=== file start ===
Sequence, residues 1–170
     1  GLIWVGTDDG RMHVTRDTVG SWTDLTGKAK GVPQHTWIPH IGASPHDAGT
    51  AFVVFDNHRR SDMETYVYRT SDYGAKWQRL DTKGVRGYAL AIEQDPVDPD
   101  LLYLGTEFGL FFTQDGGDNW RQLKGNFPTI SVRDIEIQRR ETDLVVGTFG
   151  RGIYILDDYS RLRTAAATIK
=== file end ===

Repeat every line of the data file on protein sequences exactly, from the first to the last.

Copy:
Sequence, residues 1–170
     1  GLIWVGTDDG RMHVTRDTVG SWTDLTGKAK GVPQHTWIPH IGASPHDAGT
    51  AFVVFDNHRR SDMETYVYRT SDYGAKWQRL DTKGVRGYAL AIEQDPVDPD
   101  LLYLGTEFGL FFTQDGGDNW RQLKGNFPTI SVRDIEIQRR ETDLVVGTFG
   151  RGIYILDDYS RLRTAAATIK